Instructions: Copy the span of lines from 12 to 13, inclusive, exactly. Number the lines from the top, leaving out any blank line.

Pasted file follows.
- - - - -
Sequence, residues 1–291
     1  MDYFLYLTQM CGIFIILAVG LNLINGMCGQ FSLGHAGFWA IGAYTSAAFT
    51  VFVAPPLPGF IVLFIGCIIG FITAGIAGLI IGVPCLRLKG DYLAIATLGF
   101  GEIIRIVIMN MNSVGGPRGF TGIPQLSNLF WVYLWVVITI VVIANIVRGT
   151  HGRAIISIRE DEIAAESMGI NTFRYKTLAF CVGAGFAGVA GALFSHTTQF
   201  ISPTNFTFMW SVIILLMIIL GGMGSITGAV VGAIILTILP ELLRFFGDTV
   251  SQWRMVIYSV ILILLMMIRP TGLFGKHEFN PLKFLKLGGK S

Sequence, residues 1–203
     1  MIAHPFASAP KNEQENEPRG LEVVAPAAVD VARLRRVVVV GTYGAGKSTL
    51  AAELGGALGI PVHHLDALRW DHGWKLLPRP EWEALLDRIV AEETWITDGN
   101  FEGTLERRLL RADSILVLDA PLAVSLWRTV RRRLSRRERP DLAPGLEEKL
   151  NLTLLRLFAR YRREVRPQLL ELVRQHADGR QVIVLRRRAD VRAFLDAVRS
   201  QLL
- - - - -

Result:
   151  NLTLLRLFAR YRREVRPQLL ELVRQHADGR QVIVLRRRAD VRAFLDAVRS
   201  QLL